Visual Health Means Lifelong Health

March 14, 2019

The combination of visual impairment and chronic disease has serious consequences for overall health, the ability to perform tasks and social participation.

According to the CDC, chronic health conditions like high blood pressure, heart disease, arthritis, kidney failure, diabetes and depression are more common among older people with visual impairment.

Furthermore, the combination of visual impairment and chronic health conditions is shown to have serious consequences for overall sense of well-being, the ability to perform daily tasks and participation in social activities.

Kidney failure, stroke, chronic lung disease and depression are particularly affected by visual deficiencies. So people with the combination of these disorders are more likely to describe their health as fair or poor, compared to those without visual impairment.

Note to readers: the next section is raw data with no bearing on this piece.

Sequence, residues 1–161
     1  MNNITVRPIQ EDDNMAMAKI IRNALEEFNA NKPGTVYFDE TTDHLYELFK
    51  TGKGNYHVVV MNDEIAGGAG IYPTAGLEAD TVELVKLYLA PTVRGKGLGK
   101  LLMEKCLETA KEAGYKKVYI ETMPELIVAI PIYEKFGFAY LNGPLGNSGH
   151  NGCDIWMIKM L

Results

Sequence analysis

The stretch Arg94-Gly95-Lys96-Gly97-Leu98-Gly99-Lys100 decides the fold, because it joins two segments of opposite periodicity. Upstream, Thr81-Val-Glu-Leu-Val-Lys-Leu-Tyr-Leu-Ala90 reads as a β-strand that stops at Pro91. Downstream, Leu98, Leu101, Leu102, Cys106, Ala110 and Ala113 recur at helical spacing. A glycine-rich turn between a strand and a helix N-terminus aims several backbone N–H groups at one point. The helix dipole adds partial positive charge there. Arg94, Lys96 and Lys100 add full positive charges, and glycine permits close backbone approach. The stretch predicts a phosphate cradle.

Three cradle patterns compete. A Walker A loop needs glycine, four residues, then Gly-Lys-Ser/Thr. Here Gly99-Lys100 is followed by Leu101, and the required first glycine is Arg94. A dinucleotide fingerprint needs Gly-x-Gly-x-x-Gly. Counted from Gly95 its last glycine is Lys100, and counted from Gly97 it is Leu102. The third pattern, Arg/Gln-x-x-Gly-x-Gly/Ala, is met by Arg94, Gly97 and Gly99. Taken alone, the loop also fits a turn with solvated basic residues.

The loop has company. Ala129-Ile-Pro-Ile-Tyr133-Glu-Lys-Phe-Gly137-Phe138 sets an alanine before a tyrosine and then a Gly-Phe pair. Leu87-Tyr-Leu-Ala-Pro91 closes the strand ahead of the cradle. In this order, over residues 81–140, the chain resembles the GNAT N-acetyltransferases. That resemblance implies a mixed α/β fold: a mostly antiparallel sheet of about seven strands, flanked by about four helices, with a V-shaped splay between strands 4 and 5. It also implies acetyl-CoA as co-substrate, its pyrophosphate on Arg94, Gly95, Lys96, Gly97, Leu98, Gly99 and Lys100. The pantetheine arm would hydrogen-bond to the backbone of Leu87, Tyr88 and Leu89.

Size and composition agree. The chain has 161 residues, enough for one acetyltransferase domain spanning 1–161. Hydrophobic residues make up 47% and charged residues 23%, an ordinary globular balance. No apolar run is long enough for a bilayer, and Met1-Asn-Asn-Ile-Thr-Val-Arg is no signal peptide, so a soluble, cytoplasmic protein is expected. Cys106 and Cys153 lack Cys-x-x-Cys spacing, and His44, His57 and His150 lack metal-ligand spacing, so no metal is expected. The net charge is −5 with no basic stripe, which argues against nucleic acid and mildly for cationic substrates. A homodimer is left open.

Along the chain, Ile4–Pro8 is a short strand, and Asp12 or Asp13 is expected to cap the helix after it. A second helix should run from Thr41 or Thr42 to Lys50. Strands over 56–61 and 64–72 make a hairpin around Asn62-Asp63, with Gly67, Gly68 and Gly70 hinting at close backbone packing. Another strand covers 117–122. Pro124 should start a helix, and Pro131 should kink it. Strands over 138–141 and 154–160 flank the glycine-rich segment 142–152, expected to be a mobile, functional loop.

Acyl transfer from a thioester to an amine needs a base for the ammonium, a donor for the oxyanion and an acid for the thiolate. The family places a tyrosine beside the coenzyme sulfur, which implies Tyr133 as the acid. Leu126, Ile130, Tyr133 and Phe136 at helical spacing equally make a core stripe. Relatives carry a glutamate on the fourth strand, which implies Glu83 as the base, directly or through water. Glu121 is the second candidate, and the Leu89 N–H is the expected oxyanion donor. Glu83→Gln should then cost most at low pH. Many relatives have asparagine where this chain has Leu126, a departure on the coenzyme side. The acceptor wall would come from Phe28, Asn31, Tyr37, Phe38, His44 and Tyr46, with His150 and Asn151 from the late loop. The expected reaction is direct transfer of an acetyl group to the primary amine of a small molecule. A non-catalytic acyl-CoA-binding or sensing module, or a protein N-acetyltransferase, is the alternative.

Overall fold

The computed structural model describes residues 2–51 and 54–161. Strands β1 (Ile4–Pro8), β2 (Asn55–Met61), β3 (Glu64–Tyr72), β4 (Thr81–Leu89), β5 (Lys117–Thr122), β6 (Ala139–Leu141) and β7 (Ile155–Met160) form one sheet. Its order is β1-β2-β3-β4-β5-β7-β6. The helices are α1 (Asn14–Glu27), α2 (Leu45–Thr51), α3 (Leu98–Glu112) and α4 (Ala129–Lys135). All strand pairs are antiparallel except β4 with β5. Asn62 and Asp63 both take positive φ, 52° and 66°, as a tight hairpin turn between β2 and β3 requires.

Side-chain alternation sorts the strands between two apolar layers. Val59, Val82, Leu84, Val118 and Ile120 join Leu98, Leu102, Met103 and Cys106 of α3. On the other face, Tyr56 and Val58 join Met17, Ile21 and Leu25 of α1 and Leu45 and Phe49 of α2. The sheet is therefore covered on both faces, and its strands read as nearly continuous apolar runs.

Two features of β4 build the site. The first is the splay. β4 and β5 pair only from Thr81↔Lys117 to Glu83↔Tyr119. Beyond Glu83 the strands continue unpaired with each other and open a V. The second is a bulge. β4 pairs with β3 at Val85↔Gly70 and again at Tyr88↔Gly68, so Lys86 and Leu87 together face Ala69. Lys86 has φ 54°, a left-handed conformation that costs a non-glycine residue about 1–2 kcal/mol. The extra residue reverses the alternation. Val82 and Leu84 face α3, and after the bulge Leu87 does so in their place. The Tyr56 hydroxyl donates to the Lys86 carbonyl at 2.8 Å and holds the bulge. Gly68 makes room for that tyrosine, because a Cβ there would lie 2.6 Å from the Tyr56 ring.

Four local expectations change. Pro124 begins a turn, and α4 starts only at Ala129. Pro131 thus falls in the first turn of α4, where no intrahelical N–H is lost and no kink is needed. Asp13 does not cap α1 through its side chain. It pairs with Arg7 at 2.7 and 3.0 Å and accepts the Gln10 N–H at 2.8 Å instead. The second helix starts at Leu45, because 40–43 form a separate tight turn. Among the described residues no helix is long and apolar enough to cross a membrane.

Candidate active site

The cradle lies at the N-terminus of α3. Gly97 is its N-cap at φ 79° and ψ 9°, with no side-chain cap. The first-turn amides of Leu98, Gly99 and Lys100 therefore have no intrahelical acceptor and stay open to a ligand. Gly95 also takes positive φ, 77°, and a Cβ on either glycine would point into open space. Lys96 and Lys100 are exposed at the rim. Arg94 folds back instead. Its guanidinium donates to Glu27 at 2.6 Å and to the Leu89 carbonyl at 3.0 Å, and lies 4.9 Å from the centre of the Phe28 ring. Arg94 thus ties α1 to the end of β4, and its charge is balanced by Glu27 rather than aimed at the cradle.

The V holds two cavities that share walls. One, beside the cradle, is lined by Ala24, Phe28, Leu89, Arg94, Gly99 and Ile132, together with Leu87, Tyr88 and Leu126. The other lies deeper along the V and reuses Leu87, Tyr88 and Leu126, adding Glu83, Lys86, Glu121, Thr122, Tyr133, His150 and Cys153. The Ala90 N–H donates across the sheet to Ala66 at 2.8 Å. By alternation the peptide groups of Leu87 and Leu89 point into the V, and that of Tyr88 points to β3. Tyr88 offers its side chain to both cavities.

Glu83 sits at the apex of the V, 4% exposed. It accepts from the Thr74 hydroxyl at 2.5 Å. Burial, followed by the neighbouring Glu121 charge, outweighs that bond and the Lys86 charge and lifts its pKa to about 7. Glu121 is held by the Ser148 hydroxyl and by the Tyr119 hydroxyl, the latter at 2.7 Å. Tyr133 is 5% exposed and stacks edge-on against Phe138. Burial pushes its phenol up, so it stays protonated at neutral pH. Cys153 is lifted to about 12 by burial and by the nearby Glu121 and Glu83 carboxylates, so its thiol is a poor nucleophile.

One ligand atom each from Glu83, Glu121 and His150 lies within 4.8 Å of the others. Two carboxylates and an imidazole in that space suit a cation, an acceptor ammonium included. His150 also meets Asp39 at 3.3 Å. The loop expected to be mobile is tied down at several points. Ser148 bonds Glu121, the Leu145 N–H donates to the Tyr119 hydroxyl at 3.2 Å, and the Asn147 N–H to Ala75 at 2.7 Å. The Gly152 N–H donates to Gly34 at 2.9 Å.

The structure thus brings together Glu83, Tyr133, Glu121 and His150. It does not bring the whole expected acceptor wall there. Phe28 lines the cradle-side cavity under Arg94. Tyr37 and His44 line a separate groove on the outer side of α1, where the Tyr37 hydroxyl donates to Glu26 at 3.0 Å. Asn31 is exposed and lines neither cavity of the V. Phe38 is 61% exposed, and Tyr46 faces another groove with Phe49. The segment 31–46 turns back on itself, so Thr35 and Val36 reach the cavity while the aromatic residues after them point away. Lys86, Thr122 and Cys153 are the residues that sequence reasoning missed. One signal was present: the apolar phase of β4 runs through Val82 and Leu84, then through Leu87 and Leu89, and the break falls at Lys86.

Visual impairment impacts the effectiveness of healthcare services. For example, visual impairment hinders efficient progression through needed rehabilitation services, leads to misunderstanding of instructions from healthcare providers and impacts access to healthcare resources and services.

The bottom line – take care of your eyes. Here are some important suggestions.

  1. If you have diabetes, get it under control and seek regular professional eye care
  2. For non-diabetics, an eye examination at least every two years is recommended for early diagnosis of conditions associated with aging – cataracts, macular degeneration and glaucoma
  3. Uncontrolled hypertension and cholesterol disorders impact visual health. Take charge of your health by following recommendations to normalize blood pressure and cholesterol levels. Eat a Mediterranean style diet.
  4. Finally, if your visual acuity is falling off, get it checked. Early diagnosis lessens the impact, especially for those with the chronic conditions described.

This is Dr. Jim for Be Healthy! Behappy! Power your path to happiness. Take care of your eyes.

Reference: Center for Disease Control and Prevention, 2018. Online [available at]:  Accessed March 9, 2019.